A sad reality in Nepal is that some doctors are more inclined towards profit making. This is evident in Lumbini Hospital where all the doctors have reportedly spent their time working in nursing homes absent from their duties. It is the same case in Seti Hospital where many poor Nepalis wait for doctors to treat them. In Dhangadi's Seti Hospital, only seven out of 19 doctors are available while the rest are busy serving the elite. Our health system is growing poorer due to cases such as these where doctors are not available when they are most needed.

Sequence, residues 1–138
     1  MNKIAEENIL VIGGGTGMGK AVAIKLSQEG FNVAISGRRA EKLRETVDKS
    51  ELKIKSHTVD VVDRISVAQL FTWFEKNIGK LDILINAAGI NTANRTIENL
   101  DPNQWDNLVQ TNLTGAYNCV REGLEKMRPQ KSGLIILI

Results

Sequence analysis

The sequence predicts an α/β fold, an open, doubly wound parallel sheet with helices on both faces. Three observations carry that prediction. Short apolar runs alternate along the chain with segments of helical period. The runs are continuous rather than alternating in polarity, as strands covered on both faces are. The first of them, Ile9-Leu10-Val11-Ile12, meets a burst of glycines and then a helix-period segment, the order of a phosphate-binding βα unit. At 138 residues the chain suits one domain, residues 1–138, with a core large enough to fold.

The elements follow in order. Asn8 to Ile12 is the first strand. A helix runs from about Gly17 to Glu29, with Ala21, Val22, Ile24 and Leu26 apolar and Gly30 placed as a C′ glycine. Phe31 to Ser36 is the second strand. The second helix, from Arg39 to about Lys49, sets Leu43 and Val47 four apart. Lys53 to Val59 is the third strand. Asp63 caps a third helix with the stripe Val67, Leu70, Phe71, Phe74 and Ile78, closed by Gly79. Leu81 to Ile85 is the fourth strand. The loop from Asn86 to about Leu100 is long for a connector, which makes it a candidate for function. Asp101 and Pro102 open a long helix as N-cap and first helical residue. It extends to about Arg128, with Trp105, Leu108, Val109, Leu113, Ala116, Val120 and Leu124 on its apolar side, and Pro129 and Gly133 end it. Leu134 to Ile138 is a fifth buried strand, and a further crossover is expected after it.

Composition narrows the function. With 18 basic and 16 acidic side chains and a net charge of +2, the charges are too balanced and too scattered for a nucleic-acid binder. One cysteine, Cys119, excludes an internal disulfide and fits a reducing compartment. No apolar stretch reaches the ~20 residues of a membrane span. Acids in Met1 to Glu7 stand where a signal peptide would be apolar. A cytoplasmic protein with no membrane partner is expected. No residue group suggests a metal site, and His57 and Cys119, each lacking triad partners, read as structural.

Doctors are unwilling to serve in remote areas. After all, more money can be made in the cities. There are many vacant posts for doctors in rural-based hospitals but few apply. The situation has grown so desperate that in some hospitals, peons fill in for doctors. Even in the cities, the state run hospitals are in bad shape. Many of these doctors do not treat their patients well in government hospitals, forcing them to go to private clinics. The poor cannot afford these treatments. They are made to pay for medicines that are available for free in government hospitals and health centres. There is always a code of ethics for every profession and it is the state's responsibility to ensure that the code is not violated. Citizens cannot depend on the government alone to speak for them but must also bear their responsibility and raise their voices against unethical professionals. Perhaps the best way to have doctors applying in rural areas is by providing them with more attractive allowances and other benefits than those based in the cities.